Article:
Given continued depressed asset values, the increased gift tax exemption, the continued low 35% maximum gift tax rate, and the fact that it is possible to leverage the value of gifts of fractional interests in property through discounts (supported by appraisals), many of our wealthy clients are making substantial gifts early in 2011 and opting to pay a 35% gift tax on the value of the gifted property in order to transfer assets (and future appreciation) to their children and grandchildren. This window may close after 2012, if Congress increases the gift tax rate or reduces the exemption amount, or if the Act is allowed to sunset with no replacement. Note too that a surviving spouse who "inherits" a predeceased spouse's unused estate tax exemption amount (through the portability feature) may be able to make large lifetime gifts using that exemption. This opportunity may only be available in 2011 and 2012, but will present some unique gift planning opportunities.
Generation-Skipping Transfer Tax Changes
From 1986 through 2009 the GST tax existed as an additional transfer tax at a flat 55% rate. The tax was imposed on transfers (including distributions from trusts) in excess of a GST exemption amount5 to persons two or more generations below the transferor. Under EGTRRA, the GST tax was repealed in 2010, along with the estate tax, and would have been reinstated in 2011 at a 55% rate for GST transfers in excess of $1.36 million. The Act imposed the GST tax retroactively for 2010 (eliminating many technical problems that had surfaced with repeal), and increased the GST exemption amount to $5 million. The Act also lowered the GST tax rate to 35% for 2011 and 2012 (but not for 2010, as described below). The combination of a lower GST tax rate and a higher GST exemption creates planning opportunities this year and next year that may disappear if the tax rate rises, or the exemption shrinks, after 2012.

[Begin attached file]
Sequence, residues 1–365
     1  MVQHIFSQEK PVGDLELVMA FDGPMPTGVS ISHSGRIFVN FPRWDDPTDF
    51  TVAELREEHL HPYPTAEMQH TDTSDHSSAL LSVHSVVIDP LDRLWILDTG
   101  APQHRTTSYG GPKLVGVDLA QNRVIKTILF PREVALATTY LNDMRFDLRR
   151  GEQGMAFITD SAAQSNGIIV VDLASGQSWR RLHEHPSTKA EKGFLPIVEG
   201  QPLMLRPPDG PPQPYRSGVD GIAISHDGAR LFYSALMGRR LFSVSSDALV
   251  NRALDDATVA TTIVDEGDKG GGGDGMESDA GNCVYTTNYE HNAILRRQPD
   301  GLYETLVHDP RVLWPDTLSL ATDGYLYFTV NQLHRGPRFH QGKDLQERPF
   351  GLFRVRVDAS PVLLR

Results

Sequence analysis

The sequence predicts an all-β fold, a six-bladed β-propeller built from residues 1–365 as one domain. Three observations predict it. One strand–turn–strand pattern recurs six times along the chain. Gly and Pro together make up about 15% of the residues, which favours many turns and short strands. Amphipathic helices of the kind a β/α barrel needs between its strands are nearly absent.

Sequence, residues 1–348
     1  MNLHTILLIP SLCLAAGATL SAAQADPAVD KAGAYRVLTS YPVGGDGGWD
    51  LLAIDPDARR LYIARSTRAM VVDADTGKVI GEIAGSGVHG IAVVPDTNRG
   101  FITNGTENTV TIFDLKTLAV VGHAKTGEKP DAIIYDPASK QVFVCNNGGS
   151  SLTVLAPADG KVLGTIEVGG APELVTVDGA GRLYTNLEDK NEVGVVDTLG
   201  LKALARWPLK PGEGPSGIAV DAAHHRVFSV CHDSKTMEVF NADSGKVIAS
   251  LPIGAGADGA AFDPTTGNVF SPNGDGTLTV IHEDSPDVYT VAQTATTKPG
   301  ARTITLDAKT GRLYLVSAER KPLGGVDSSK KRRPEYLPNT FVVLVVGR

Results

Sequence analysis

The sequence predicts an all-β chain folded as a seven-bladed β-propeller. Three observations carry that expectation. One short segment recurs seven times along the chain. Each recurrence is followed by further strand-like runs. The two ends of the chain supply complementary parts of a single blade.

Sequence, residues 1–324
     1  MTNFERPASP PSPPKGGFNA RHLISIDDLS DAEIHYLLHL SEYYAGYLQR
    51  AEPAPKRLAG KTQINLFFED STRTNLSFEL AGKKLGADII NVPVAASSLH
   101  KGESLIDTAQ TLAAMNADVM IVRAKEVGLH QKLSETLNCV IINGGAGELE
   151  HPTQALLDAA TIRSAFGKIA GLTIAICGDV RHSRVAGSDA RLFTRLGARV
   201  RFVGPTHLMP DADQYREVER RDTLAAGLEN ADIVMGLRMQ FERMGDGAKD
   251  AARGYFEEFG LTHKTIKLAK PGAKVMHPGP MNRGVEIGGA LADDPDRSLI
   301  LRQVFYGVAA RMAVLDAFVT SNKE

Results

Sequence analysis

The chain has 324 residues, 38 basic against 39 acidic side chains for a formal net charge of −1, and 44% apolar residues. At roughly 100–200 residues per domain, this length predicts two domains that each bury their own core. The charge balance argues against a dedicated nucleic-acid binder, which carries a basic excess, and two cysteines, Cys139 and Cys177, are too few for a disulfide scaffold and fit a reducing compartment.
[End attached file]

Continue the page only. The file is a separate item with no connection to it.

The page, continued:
The Act also provided an unexpected opportunity for transfers during 2010. As mentioned above, the GST tax was imposed retroactively for 2010 with a $5 million exemption, but with an applicable rate of "zero" for transfers subject to GST tax. This allowed many of our wealthier clients to make very significant generation-skipping gifts in the last two weeks of 2010: they were able to give property to grandchildren or more remote descendants, outright or in "skip person" trusts, and will only pay gift tax (at a 35% rate) and no GST tax, on the value of the transferred property. They will elect out of the automatic allocation of GST exemption when they file their 2010 gift tax returns later this year, thereby technically subjecting these "non-GST-exempt" transfers to a GST tax, but no tax will be due because of the zero applicable rate. In this way our clients will have removed from their estates not only the value of the gifted property (leveraged in some cases by appropriate discounts), but also the funds used to pay the gift tax,6 as well as any post-2010 net income from, and appreciation on the value of, the gifted property. Some clients no doubt feel that this planning opportunity in the waning days of 2010 was a welcome reward for the aggravation they faced all year over the federal tax law uncertainty.